The bullies failed. Assembly-line workers at the Volkswagen assembly plant in Chattanooga, Tenn., told the United Auto Workers last week to take an outbound Chattanooga choo-choo back to Detroit.
Tennesseans seem no more interested in importing the union that destroyed Detroit than they are in sharing their paychecks with the union, which is now on the hunt for someone to blame for the expensive disaster.
The pressure on workers from union organizers, activists and company executives was intense. The UAW put a lot of money, but not much moxie, into the campaign. The union once boasted 1.5 million members, but its membership has fallen over the decades to fewer than 400,000.
Bob King, a union official, says his survival depends on pulling workers from the "transplants," as it calls foreign-automobile plants locating in the United States, in the South. Volkswagen was reckoned to be the perfect target.
In its plants in Germany, Volkswagen shares certain important workplace decisions with its workers, who are organized in "workplace councils." VW executives gave tacit approval for the union organizing in Chattanooga, giving a boost to the organizing campaign.
Union agents were free to roam the factory floor while opponents were left to deliver their message in the cold. But the message was heard and employees rejected the union by a vote of 712 to 626, a stunning defeat considering the amount of time, money and resources the union put into the campaign.
The disappointed observers on the left blame "outside forces" for the result, and, of course, racism. "The opposition, I gather," author Timothy Noah told MSNBC, "portrayed this as a kind of northern invasion, a refighting of the Civil War. Apparently there are not a lot of black employees in this particular plant, and so that kind of 'waving of the Confederate flag' was an effective strategy."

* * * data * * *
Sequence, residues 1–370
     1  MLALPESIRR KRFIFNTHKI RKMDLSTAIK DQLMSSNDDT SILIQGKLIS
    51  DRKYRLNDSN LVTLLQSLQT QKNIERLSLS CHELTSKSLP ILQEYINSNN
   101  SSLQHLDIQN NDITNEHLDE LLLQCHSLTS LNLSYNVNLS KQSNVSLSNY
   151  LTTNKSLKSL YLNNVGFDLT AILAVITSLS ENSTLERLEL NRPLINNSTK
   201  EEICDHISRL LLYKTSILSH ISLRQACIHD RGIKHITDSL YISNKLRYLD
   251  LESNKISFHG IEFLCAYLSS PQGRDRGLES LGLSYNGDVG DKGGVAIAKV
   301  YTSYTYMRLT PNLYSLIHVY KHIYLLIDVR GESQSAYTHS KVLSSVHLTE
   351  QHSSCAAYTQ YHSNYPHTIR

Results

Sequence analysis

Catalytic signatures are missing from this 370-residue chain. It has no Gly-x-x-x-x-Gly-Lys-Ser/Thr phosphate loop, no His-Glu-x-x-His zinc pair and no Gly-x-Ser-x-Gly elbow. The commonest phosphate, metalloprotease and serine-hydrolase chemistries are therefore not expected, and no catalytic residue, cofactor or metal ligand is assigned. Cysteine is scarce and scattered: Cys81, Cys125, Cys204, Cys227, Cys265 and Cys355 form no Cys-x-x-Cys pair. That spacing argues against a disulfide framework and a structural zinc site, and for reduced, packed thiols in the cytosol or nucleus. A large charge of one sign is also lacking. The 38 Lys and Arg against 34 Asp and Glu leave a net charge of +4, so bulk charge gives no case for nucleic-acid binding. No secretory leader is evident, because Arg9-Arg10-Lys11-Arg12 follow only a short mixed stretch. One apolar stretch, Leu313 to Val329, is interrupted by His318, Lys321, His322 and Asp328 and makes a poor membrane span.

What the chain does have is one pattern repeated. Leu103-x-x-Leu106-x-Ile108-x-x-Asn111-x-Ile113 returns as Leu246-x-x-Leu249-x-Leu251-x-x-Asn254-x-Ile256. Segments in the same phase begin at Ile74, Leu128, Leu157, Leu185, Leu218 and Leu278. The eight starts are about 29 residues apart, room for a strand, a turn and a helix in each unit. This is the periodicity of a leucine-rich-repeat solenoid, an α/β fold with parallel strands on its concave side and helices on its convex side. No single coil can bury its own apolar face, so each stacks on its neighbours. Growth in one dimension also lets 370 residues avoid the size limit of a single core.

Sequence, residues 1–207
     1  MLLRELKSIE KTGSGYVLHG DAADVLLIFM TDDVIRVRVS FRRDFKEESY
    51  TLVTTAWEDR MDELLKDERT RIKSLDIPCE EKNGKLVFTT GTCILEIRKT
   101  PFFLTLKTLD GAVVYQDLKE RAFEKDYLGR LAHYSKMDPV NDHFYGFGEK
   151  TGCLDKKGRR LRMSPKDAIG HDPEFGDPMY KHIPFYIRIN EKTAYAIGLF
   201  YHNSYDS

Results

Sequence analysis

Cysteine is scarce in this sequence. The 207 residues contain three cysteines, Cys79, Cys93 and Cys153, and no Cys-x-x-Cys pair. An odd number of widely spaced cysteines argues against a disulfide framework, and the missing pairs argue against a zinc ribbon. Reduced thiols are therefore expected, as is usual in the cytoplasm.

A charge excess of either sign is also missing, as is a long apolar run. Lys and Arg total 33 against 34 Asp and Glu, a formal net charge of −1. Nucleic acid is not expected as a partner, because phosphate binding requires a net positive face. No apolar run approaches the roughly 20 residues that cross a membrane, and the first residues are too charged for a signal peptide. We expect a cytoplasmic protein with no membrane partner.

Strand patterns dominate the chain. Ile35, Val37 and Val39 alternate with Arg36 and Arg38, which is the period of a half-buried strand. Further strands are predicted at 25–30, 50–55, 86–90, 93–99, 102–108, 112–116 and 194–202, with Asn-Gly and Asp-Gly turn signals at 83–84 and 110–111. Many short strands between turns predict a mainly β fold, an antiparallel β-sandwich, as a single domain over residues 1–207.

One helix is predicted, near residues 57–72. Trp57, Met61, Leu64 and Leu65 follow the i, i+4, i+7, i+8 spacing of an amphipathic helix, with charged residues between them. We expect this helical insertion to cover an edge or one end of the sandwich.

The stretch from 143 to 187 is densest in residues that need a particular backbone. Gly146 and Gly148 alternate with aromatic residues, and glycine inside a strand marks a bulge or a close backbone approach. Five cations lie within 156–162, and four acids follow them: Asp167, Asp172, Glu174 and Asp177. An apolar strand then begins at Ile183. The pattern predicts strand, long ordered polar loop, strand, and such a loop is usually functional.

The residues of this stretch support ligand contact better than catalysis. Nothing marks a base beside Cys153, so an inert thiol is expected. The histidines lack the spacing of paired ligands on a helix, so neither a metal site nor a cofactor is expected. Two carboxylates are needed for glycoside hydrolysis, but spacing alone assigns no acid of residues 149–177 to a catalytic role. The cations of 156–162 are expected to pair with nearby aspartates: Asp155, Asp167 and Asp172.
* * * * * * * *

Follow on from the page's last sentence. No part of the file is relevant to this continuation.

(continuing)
The forces from Detroit can only blame themselves. "If UAW union officials cannot win when the odds are so stacked in their favor," says Mark Mix, president of the National Right to Work Foundation, "perhaps they should re-evaluate the product they are selling to workers."
The race card is meant to distract attention from the real loser in Chattanooga, the "card check." The card-check strategy enables organizers to give an employee a card, and say, "Sign this if you want a secret ballot to decide the unionization issue."
The cards are taken as "proof" that workers want the union, with the secret ballot not needed.
That's what happened in Chattanooga. Mr. Mix and his organization asked federal investigators to look into what happened, but the Obama administration doesn't seem interested.
When union activists press a worker to sign a card, there's no evidence of what was said or promises made. It's an invitation to dirty tricks. A secret ballot has always been the best way to ensure fairness.
Promises of unsustainably lavish retirement and pay packages in the end weren't persuasive. The union invited its own demise in Detroit, and Tennesseans showed the good sense to be wary of repeating history in Chattanooga.
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